Something that must be noted is that the term “Mandarin collar” is already a uniquely Western notion – the word “Mandarin”, derived from the Portuguese term Mandarim, is a Western term used to describe the 官 bureaucrat scholar from the government of Imperial China. More specifically, this Western notion of the “Mandarin collar” is most often understood to have been penned by the Portuguese travelers during the Qing dynasty, although the original concept of the Chinese stand-up collar can be traced back to Manchurian traditions and the fall of the Han Ming Empire. After the Qing Empire defeated the Ming Empire, Han traditions (including clothing) were largely outlawed, and Qing styles, such as the Mandarin tunic and collar were popularised. The Mandarin collar also made a comeback in China in the 1900s when the Communist Party came into power and discouraged the use of Western-style suits as it symbolised Western capitalist notions.
Popular Uses of the Mandarin Collar
Mandarin collars have seen its popularity wax and wane throughout the course of the history of popular fashion, and the use of Mandarin collars have shifted back and forth from being used both for formal uniform wear and more casual styles.
The British army became one of the first commercial users of Mandarin collars outside of China when they implemented the style onto their military uniforms. Although the ways in which the popularity of the Mandarin collar-style military uniforms spread are still widely questioned, many other military organisations soon followed suit, including the French, Russian, and the current U.S. army.
Since then, there has been a shift from using Mandarin collars for jackets to using them for more casual shirts. Interestingly enough however; Mandarin collared jackets are still very often worn by villains in popular film (think: James Bond’s nemesis in Dr. No, or the uniform of the Empire’s officers in the Star Wars films). This is presumably because of its lingering historical connections to formal military wear and its inevitable connotations with negative concepts such as imperialism and colonialism. On a lighter note, Mandarin suits, more popularly known as Nehru suits (more information on this in the next section), also enjoyed widespread popularity through the rise of Mod style and rock and roll in the 1960s and 1970s, most notably through the Beatles.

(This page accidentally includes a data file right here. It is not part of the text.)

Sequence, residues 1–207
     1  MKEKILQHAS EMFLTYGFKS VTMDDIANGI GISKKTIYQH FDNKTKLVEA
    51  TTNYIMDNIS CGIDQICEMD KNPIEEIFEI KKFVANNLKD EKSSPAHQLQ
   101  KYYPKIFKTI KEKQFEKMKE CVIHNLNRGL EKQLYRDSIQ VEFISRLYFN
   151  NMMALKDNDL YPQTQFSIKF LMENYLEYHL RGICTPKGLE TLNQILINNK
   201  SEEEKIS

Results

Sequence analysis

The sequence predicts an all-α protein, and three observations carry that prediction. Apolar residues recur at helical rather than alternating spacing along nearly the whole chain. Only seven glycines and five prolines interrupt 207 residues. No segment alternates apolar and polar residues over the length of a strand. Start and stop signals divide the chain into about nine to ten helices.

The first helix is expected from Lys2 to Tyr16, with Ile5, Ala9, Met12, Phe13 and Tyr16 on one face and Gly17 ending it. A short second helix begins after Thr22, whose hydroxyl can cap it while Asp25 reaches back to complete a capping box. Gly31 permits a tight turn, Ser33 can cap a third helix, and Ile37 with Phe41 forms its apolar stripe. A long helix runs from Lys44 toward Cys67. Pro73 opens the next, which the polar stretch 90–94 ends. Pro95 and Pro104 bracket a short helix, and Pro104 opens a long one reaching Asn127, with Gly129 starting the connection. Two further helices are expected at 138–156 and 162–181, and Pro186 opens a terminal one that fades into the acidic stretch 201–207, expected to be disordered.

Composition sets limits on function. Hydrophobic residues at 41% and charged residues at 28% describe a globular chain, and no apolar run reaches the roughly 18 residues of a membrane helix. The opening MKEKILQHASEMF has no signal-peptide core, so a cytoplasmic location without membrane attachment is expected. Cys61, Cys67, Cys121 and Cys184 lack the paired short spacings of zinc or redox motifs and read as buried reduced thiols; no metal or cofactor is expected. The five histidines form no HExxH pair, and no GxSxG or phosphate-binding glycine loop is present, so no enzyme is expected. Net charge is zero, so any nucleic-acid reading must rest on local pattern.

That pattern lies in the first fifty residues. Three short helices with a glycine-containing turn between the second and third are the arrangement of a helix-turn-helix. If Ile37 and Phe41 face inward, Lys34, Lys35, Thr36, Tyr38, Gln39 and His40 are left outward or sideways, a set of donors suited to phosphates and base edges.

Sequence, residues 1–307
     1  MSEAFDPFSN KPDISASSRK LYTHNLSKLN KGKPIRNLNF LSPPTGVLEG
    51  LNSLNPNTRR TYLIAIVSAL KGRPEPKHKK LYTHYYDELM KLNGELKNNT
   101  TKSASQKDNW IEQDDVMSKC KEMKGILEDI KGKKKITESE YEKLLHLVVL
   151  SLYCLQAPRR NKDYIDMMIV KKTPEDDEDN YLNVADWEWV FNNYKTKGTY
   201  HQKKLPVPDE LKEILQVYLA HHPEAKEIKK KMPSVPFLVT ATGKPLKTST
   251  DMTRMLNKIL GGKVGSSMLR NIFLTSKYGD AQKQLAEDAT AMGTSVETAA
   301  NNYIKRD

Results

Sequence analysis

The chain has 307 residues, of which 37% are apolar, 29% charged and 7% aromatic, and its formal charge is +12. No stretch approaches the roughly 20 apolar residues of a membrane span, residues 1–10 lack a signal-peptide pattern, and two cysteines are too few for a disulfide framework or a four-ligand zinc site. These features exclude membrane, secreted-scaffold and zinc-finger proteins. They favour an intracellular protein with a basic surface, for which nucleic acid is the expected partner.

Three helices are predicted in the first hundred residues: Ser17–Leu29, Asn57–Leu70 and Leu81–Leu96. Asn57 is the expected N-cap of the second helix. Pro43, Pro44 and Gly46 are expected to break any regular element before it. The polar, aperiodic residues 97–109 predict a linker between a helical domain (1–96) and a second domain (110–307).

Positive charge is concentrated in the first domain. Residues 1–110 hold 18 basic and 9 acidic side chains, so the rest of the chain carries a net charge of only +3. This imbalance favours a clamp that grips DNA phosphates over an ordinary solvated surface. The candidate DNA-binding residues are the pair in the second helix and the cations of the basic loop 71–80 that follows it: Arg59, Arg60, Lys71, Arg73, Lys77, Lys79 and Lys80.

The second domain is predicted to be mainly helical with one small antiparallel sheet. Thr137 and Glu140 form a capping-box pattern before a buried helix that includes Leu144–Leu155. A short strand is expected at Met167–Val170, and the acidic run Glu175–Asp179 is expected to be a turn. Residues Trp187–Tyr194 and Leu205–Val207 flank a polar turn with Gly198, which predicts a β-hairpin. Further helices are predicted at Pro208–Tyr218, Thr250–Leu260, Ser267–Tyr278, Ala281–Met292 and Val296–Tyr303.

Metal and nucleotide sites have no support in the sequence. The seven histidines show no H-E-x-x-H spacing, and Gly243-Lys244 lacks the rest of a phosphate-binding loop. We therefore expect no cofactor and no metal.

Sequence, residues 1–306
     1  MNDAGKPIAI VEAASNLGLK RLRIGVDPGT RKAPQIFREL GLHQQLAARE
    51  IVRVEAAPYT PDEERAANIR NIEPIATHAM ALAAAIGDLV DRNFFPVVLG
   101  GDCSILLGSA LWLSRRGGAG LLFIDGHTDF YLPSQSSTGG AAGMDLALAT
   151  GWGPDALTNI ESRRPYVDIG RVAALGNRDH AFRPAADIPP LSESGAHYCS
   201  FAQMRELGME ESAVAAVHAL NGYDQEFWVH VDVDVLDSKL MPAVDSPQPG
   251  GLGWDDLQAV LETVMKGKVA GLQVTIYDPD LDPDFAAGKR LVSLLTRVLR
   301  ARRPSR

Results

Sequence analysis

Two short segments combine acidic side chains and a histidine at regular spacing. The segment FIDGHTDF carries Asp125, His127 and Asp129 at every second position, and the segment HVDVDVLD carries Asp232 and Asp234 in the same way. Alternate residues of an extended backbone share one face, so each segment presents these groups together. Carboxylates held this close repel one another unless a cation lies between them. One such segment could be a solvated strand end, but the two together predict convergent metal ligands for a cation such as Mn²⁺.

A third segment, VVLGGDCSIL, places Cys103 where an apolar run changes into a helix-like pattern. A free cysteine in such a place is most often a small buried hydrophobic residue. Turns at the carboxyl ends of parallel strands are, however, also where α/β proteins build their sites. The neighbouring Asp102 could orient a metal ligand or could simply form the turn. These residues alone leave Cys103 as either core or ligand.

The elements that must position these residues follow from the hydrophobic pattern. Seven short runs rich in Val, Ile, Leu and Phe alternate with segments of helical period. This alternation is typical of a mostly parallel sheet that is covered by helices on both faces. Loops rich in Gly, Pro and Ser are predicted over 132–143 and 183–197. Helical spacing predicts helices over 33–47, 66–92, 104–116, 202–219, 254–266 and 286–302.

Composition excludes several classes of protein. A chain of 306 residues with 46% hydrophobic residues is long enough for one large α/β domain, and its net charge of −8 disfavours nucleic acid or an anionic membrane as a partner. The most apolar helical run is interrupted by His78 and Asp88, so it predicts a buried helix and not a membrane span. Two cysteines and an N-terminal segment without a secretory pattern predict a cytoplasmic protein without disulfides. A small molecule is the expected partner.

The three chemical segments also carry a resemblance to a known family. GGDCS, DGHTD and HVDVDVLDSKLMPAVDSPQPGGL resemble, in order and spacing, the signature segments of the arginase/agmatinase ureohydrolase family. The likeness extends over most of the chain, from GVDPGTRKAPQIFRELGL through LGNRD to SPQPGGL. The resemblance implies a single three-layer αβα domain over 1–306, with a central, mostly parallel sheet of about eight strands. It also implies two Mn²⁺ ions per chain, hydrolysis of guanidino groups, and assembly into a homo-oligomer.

Extensions and Adaptations of the Mandarin Collar
The Mandarin collar is not a singular style – as is common in fashion, there have been many adaptations and extensions of the style. One of the most common adaptations of the Mandarin collar is the Nehru jacket, popularised by none other than the first Prime Minister of India, Jawaharlal Nehru. Although historical research reveals that rounded collars very similar to the Mandarin collar/Nehru jacket collar were worn by historical figures such as Mughal emperors, the Band Gale Ka Coat (“Closed Neck Coat”) truly faced a boom in popularity in the mid-1900s.
Other adaptations of the Mandarin collar include the banded collar and the grandfather collar. Both are only slight variations on the Mandarin collar. Band collars simply point to a lack of collar, as they originated with the invention of the detachable shirt and collar in early 1800s Europe. On the contrary, the grandfather collar is essentially a Mandarin collar with a button. The grandfather collar also traces its roots back to the British Industrial age instead of the Manchurian styles of the Qing dynasty.
Introducing: The Mandar Shirt
New to our range – The Mandar Shirt is a modern take on such traditional Mandarin collar shirts. We’ve kept the traditional streamlined silhouette, but made it looser and more breathable in order to cater to more modern needs. Not only have we stayed faithful to the traditional collar, we’ve also incorporated traditional dye techniques into this new style. Available in handloom natural, indigo, and indigo stripe, the Mandar Shirts are handspun and handwoven in khadi cotton and dyed naturally using the indigo plant.
Explore The Mandar Shirt here.